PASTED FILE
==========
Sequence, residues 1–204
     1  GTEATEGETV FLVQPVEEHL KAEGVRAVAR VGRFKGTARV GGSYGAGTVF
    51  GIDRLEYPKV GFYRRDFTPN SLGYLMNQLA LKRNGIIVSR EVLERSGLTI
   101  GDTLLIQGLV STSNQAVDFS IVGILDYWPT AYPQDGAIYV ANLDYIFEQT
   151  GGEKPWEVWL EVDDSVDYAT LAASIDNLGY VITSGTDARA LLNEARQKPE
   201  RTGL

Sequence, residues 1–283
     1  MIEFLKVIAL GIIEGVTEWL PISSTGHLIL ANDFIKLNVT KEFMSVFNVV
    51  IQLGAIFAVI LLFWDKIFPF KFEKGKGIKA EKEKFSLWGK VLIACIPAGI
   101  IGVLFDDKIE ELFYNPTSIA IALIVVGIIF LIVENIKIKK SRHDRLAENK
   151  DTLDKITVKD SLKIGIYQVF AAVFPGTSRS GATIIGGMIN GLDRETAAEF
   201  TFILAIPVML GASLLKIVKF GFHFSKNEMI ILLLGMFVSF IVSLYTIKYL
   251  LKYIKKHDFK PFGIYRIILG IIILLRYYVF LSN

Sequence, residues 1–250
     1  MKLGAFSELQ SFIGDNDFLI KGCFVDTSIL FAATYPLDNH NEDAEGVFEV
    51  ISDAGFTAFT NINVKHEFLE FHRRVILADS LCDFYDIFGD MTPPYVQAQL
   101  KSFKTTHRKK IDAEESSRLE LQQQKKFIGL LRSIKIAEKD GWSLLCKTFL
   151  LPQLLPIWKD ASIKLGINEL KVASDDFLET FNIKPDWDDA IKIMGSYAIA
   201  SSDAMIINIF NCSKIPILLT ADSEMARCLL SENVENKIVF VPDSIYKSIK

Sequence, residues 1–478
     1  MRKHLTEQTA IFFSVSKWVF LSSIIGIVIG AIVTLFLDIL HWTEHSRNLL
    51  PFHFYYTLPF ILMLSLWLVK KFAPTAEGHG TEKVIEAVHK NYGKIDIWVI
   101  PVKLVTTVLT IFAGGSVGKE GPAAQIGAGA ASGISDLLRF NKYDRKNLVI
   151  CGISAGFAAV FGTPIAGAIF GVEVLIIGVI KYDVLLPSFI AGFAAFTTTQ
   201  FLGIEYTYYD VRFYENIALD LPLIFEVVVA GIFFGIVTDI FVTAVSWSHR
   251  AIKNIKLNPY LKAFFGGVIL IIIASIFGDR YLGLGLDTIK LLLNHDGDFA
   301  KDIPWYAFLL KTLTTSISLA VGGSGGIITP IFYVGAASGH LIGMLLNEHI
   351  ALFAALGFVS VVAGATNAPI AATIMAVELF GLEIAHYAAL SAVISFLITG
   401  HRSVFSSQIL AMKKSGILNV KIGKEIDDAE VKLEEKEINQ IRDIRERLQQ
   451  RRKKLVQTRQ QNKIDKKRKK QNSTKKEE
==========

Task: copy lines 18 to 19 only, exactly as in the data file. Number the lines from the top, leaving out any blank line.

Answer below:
   151  LPQLLPIWKD ASIKLGINEL KVASDDFLET FNIKPDWDDA IKIMGSYAIA
   201  SSDAMIINIF NCSKIPILLT ADSEMARCLL SENVENKIVF VPDSIYKSIK